We’ll provide full current architectural plans and renderings and invite others to give feedback, critiques and ideas.
Above rendering is one design option Kenken is considering.
Meet artist Julia Lemke, designer of Auger + Ore, a 22 year old San Francisco resident, beekeeper, and pinball enthusiast. Finishing up her last year as a graphic design student, Julia works part time at Voyager/Revolver, and keeps our jewelry shelves well stocked with her handmade pieces. This past week Julia let us into her home/workspace to let us have a look around at some new creations and let us know what she has planned for her brand Auger + Ore.
Revolver: Can you tell us a little bit about your background and how you started Auger + Ore?
Julia: “I have a graphic design background, and I think that has had the most profound influence on me. There are many opportunities in design to dabble, it has gotten me into photography, styling, marketing, packaging, product design, all relevant skills to developing a brand. I’ve always had drive to create, I think I got that from my parents. My mother is an artist, and growing up she taught me all sorts of crafts: Ukrainian eggs, glass fusing, basket weaving, quilting, silversmithing. My dad’s influence was design. He is an industrial designer, we were always designing, and building things, tree houses, wooden toys, furniture. My aesthetic is a mix of both of my parents: Folk Art and Minimalism.”
Revolver: What is your creative process like?
Julia: “It’s kind of a mess. Honestly, I can be scattered with my ideas, I get really excited about new ideas and projects and it can be hard to focus. My notebook is full of frantic scribbles, sketches for projects, and so many lists. I tend to have ten projects going at once. Sometimes I will spend a morning working one idea, and than with other projects I can devote months to. I mostly like to learn new things, I tend to bounce around from project to project. I will be obsessed with ceramics, the next day textiles. It can be overwhelming,but it keeps me excited about my work.”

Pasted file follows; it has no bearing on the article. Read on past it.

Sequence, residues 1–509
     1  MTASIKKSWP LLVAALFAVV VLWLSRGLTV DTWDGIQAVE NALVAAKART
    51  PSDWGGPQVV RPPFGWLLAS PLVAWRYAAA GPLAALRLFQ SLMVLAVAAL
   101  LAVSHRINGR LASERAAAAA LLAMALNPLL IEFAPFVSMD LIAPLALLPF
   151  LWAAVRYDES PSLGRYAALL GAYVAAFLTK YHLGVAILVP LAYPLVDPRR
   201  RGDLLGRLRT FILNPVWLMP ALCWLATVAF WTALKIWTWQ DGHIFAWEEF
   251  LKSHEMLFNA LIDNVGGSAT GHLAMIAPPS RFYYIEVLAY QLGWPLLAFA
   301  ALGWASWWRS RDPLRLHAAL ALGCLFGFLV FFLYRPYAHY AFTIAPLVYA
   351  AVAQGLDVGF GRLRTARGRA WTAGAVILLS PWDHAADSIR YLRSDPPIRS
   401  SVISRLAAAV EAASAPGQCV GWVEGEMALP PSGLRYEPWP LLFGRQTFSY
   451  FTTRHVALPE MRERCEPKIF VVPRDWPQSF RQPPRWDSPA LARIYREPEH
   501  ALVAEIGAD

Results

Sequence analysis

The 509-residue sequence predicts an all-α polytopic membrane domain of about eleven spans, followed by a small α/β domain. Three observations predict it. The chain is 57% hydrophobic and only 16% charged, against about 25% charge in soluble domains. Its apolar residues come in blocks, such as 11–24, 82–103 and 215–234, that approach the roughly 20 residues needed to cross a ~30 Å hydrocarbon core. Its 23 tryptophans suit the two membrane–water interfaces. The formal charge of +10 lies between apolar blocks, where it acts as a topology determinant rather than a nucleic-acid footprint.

Revolver: What are your favorite materials to work with?
Julia: “Texture is always the driving force. I am very tactile, mixing contrasted textures and weights. I like things that have a human quality to them, and don’t feel too polished: smooth, heavy ceramic, rough twine,raw wood, and hammered brass. I try to incorporate natural elements whenever possible, and lately have been experimenting with mixing moss or seaweed into my tapestries.”
Revolver: What are you looking forward to next?
Any upcoming projects you are excited about?Julia: I’m really interested in weaving. I love kilims and dhurries, and I would be thrilled to make my own.I just started learning, but my next endeavor is going to be building my own loom.
Revolver: How would you describe Auger + Ore in four words or less?Julia: Organic, Primitive, Simple, Warm
Revolver: What artists or designers inspire you? Are there direct influences to your jewelry?